New York Court of Appeals Rejects Expansion of Successor Liability for Purchasers in Asset Sales
A recent New York Court of Appeals decision has shed new light on the limits of successor liability for purchasers in asset sales in New York. The court expressly refused to endorse the so-called "product line exception," and reasserted the long-held standard in New York that a company that acquires the assets of another will not be found liable for the torts of the predecessor company unless:
The "product line exception" is a tort doctrine adopted in several states. Under this doctrine, a party which acquires a manufacturing business and continues the product line of the business is subject to strict tort liability for defects in products that were manufactured and distributed prior to the acquisition.
In refusing to recognize the "product line exception," the court noted that this doctrine could impact small businesses to the point of "economic annihilation" and would mark "a radical change from existing law implicating complex economic considerations better left to be addressed by the Legislature."
See Semenetz v. Sherling & Walden, Inc., 7 N.Y. 3d 194 (2006).
SEC Adopts New Executive Compensation Disclosure Rules
The Securities and Exchange Commission unanimously approved new disclosure rules with respect to executive and director compensation, related party transactions, director independence and other corporate governance matters, and security ownership of officers and directors.
Under the new rules, issuers will be required to explain in narrative form its compensation policies. More specifically, they will have to make supplemental executive compensation disclosure in the form of a compensation discussion and analysis report. This report will require information regarding, among other things, the policies and decisions of the issuer's compensation committee, and the objectives and implementation of executive compensation programs. The new rules also require a description and quantification of termination and change-of-control payments to certain executive officers.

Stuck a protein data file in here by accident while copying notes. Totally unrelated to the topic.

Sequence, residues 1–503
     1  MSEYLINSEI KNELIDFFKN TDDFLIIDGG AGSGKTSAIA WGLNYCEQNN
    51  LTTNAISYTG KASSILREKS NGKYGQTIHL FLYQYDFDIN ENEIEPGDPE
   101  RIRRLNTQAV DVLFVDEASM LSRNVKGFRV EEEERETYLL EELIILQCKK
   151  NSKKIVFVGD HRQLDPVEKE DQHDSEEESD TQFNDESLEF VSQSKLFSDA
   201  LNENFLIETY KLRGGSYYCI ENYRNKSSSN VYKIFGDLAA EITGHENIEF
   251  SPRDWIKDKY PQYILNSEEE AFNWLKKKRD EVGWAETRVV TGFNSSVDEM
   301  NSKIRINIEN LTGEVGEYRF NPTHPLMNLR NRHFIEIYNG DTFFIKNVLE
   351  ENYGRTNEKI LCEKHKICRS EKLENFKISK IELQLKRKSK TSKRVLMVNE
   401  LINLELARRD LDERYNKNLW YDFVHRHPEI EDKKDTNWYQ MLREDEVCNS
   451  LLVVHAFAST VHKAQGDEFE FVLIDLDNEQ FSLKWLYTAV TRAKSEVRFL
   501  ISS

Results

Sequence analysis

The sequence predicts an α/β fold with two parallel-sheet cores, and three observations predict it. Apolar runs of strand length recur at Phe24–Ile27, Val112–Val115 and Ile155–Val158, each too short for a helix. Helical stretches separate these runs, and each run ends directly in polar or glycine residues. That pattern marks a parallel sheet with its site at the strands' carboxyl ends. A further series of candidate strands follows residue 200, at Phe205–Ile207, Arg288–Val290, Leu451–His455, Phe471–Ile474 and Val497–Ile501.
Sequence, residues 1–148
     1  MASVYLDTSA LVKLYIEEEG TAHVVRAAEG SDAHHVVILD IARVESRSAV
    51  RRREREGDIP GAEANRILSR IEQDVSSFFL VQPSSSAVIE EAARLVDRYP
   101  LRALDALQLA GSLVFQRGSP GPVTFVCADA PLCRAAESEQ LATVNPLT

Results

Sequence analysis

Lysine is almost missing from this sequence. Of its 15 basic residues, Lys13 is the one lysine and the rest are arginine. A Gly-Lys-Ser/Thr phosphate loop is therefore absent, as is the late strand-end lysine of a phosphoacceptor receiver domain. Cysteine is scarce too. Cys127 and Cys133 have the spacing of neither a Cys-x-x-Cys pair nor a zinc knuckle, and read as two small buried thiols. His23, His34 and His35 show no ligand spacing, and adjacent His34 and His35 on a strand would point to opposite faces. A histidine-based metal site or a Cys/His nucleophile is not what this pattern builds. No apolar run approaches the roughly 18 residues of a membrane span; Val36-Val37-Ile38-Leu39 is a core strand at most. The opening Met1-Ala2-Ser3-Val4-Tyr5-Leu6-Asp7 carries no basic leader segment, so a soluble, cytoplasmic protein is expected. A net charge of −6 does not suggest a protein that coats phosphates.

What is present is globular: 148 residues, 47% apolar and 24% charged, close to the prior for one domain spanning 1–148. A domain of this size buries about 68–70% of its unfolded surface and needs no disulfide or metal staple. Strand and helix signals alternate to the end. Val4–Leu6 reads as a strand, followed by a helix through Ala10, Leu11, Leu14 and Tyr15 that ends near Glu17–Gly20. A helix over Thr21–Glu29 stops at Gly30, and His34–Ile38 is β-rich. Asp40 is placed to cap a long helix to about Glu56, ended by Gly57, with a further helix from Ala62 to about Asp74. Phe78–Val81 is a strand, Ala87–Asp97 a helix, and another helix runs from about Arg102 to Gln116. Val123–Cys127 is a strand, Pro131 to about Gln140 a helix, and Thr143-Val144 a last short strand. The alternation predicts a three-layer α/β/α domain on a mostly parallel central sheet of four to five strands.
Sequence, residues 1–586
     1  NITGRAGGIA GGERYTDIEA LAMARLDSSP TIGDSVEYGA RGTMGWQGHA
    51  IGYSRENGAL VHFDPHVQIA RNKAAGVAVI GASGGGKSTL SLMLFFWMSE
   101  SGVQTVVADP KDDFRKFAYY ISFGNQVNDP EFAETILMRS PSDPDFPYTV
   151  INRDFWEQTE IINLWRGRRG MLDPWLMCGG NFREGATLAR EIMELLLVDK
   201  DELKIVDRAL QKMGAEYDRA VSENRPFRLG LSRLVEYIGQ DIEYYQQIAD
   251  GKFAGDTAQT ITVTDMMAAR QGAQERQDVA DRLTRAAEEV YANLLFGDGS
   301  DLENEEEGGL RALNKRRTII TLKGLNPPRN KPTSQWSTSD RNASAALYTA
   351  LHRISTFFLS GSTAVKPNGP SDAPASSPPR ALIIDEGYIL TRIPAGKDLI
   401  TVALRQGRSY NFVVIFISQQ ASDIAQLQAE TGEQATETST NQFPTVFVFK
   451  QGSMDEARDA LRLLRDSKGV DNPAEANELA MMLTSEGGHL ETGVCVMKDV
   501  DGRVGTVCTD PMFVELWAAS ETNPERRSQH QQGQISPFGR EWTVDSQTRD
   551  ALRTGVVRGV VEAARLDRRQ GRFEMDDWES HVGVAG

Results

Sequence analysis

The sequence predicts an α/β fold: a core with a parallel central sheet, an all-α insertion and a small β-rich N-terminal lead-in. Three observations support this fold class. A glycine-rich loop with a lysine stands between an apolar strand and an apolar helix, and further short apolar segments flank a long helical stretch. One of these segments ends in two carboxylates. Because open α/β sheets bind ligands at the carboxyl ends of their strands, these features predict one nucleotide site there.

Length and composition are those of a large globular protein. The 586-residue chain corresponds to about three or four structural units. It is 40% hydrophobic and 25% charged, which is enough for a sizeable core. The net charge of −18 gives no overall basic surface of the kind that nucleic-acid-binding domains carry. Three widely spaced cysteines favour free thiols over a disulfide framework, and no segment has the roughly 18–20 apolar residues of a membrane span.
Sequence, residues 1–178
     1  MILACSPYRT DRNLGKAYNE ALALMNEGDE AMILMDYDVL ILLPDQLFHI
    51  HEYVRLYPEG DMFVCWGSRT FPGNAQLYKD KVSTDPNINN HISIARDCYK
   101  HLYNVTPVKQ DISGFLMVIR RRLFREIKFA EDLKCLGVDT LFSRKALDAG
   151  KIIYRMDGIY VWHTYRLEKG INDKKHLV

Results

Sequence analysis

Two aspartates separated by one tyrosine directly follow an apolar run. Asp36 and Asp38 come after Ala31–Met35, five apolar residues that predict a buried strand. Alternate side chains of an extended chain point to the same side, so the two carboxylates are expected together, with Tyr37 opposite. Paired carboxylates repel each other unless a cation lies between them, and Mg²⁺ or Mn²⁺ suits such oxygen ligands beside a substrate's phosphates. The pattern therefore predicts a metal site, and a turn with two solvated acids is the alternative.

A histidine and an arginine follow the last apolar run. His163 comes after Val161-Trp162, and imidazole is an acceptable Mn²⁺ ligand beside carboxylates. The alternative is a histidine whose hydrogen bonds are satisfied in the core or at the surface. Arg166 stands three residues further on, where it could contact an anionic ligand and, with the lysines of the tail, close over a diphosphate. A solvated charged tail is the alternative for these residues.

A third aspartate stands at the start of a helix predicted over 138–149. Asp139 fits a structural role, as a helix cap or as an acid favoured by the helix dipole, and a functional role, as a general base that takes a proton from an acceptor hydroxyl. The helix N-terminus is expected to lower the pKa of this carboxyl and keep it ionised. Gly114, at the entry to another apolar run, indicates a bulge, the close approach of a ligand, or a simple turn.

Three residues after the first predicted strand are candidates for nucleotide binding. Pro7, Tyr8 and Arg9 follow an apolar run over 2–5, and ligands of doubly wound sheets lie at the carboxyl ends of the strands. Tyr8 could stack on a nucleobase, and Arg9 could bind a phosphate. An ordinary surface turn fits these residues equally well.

To address perceived abuses in the timing of stock option grants, the new rules require option grants to be disclosed in a table setting forth the fair value of the option grant as determined under new stock-based accounting rules, the closing market price of the stock on the grant date if higher than the exercise price, and the date that the option was approved for grant if different than the stated grant date. If the exercise price of options differs from the closing market price on the grant date, the issuer will be required to describe its method for determining the exercise price.
The new disclosure rules will be effective generally for proxy statements filed for fiscal years ending after December 15, 2006.
See SEC Rel. No. 33-8732 (Aug. 11, 2006).
Delaware Adopts Majority Voting Standard for Election of Directors
The Delaware General Corporation Law (the "DGCL") has been amended to allow company stockholders to adopt by-laws requiring a majority vote standard while prohibiting the board of directors of said company from reversing that by-law to restore plurality voting (which is the default standard under the DGCL).
Director resignation policies in the DGCL were amended to require a director who does not receive a majority of the votes to tender his or her resignation to the board of directors, which, in turn, may accept or reject it. Further, this amendment permits a resignation to be effective only upon the happening of a future event and provides that, should a director fail to receive a specified vote for reelection, the resignation be deemed irrevocable. Prior to this amendment, it was uncertain whether this resignation requirement would be enforceable against a director who asserted that fiduciary duties preclude him or her from resigning.
See DGCL Sections 141(b) and 216.
Federal Court Strikes Down State Mandated Health Benefits Law
A Federal District Court recently struck down an employee benefits law because it was pertinent only to Wal-Mart. The law, which has become known as the "Wal-Mart law," required private companies with more than 10,000 workers in Maryland to spend at least 8% of payroll on employee health benefits or pay the difference into a state Medicaid fund.
The Federal District Court found that the state law at issue was pre-empted under the Employee Retirement Income Security Act (ERISA), a Federal employee benefits statute. This decision is significant for Wal-Mart and other large companies which are subject to various state regulations on employee benefits as a result of operating in multiple states. As a result of this decision, existing federal laws regulating employee benefits must be considered by state legislatures before they can enact any new laws affecting employee health insurance and pension plans.
See Retail Indus. Leaders Ass'n v. Fielder, 435 F. Supp. 2d 481 (D. Md. 2006).
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Copyright © 2006 Herrick, Feinstein LLP. Corporate Alert is published by Herrick, Feinstein LLP for information purposes only. Nothing contained herein is intended to serve as legal advice or counsel or as an opinion of the firm.